When we got to Phoenix, there was a setback: we didn’t have a place to stay at the time share, and we’re forced to stay at a more expensive vacation club owned by Four Seasons.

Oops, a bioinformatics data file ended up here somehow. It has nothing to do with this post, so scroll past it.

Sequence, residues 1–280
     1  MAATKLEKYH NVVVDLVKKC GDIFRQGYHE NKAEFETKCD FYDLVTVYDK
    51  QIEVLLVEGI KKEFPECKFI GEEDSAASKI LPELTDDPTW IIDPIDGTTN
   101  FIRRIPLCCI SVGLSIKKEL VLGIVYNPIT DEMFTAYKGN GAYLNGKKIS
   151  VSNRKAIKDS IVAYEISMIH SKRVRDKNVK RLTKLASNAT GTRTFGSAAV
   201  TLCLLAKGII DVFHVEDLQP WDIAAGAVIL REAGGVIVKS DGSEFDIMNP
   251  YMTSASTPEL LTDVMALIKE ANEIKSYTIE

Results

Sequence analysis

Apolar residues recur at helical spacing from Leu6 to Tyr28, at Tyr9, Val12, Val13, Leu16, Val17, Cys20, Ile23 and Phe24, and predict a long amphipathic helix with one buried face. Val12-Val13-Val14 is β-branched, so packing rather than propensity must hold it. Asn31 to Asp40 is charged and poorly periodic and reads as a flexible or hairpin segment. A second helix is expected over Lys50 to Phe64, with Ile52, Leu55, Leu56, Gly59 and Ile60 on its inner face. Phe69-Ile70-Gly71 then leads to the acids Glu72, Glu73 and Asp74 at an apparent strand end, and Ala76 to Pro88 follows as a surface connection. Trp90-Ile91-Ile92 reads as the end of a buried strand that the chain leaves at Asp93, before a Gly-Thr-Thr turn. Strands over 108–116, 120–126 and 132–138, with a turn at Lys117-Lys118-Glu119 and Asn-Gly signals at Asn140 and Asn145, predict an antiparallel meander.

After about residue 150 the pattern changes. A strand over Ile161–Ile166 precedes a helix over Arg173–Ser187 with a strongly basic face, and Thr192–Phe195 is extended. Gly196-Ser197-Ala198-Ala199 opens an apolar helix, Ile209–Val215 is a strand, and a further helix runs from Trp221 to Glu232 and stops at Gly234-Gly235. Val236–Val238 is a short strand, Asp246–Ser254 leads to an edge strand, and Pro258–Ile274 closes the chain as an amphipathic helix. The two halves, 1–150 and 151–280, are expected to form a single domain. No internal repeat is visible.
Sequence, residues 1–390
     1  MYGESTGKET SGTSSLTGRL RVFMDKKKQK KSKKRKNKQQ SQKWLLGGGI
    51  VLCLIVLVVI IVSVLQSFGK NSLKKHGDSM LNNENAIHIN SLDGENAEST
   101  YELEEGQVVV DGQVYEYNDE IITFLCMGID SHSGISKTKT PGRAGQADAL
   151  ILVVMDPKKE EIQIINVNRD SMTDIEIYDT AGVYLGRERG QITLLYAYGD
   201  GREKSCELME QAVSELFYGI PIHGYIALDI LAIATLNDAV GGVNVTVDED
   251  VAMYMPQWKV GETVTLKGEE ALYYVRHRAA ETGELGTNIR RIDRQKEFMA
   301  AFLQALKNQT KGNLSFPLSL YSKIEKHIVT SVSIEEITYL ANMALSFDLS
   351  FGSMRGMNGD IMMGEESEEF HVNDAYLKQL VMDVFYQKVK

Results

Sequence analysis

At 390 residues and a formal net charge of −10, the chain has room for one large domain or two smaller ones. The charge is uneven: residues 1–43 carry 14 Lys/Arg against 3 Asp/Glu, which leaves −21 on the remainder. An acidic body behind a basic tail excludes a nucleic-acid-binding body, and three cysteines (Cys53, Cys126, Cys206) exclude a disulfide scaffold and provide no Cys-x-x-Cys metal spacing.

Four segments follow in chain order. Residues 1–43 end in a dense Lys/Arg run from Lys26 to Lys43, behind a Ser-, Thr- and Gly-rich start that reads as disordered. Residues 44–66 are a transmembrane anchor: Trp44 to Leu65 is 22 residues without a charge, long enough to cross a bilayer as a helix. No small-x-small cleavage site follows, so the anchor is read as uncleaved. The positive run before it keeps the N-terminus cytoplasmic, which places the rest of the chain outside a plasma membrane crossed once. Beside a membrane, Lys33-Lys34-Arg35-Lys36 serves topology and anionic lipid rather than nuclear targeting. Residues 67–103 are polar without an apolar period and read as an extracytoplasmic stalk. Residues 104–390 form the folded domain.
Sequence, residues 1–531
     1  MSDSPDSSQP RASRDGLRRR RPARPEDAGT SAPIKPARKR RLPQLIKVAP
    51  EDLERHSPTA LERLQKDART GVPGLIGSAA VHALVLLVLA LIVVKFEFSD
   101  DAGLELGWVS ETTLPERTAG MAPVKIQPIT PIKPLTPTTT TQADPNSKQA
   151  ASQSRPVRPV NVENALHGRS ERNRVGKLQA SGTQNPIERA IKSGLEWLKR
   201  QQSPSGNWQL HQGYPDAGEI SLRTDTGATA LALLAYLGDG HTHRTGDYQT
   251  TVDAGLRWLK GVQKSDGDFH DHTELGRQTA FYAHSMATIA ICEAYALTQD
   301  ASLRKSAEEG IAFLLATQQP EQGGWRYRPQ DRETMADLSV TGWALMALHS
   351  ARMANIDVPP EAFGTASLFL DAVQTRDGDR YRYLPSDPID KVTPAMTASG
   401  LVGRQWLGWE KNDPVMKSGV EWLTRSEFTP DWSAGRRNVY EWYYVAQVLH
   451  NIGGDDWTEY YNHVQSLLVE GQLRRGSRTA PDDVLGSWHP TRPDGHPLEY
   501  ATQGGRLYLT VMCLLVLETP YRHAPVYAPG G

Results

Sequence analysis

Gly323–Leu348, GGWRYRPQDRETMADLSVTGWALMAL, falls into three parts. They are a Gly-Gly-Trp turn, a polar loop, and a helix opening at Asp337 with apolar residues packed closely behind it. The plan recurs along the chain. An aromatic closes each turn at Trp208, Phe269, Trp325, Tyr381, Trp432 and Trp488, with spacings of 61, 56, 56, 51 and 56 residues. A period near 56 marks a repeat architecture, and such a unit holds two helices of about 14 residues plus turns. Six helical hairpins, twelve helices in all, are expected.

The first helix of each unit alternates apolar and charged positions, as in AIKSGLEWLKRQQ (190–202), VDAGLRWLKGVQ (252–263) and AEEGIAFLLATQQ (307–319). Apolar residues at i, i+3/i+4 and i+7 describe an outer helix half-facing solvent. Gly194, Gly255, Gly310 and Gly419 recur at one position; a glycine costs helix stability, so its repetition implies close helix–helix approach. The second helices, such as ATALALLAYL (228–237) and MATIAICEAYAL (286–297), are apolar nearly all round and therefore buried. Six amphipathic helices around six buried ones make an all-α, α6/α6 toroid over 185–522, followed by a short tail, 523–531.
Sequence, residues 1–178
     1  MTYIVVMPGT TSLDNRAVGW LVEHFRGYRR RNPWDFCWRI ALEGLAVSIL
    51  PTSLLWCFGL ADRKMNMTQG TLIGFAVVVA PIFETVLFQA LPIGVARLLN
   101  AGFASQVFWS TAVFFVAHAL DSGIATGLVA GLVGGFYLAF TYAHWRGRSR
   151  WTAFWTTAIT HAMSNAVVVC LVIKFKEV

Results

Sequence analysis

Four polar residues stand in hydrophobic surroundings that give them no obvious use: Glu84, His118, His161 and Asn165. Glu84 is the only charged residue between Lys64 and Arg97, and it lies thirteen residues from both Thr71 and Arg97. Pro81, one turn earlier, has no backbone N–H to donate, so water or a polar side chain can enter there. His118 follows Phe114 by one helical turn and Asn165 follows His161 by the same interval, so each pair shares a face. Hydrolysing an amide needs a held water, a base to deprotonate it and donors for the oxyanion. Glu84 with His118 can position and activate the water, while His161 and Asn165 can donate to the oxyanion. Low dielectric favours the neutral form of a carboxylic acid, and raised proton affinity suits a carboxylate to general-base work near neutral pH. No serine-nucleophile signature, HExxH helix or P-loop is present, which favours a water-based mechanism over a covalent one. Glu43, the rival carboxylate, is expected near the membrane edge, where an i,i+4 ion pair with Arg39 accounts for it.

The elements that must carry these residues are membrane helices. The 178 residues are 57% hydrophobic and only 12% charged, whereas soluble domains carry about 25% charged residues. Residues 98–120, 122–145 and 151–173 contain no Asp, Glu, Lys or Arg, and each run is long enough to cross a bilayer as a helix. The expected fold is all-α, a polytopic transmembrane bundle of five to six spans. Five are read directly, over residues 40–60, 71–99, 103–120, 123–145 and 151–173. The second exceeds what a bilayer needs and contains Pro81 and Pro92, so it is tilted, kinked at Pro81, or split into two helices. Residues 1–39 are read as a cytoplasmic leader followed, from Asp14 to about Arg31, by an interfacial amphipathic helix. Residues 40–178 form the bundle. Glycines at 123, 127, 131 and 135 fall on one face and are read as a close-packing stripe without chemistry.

My first full day of birding in Arizona was off to a slow start, too slow for someone with intense time constraints. I started by walking around the resort grounds, but it was unsettlingly quiet, not even a Cactus Wren or a Great-tailed Grackle was calling. Was this a sign I was setting myself up for failure? My plan for the day was to work in a circle: start at a Berkshire Hathaway store at the request of my mom, and from there bird at Gilbert Water Ranch, Veteran’s Oasis Park, a neighborhood pond in Gilbert where Clark’s Grebes were often seen, the “thrasher spot” on Baseline road and Salome Highway, White Tank Mountain, and Lake Pleasant, then listen for Western Screech Owls on the resort grounds. As we got on the road, it didn’t take long before I saw my first new bird of the trip: a Say’s Phoebe, followed by a Gila Woodpecker and an Abert’s Towhee. I was off to a slow start, but it was better than no start. While my mom was focused on taking a selfie in front of the Berkshire Hathaway in Scottsdale, I set my sights on the local bird life in the parking lot. I found an Anna’s Hummingbird, a Brewer’s Sparrow, heard a Gilded Flicker, and my most wanted bird from Phoenix: a flyover Rosy-faced Lovebird. Like the numerous parrots of Florida, Texas, California, and northeastern states, suburban Phoenix is home to feral population of these popular cagebirds that either escaped or were intentionally released, originally native to southwest Africa. For these parrots, Arizona is close enough in climate to their native Kalahari Desert for them to thrive, making use of abandoned Gila Woodpecker holes in the absence of weaver colonies. The lovebirds nested successfully, and the feral population is sustainable enough to be counted by ABA birders. Having scored the lovebird, we moved on to the next spot, where along the way, I added Gambel's Quail to the day list...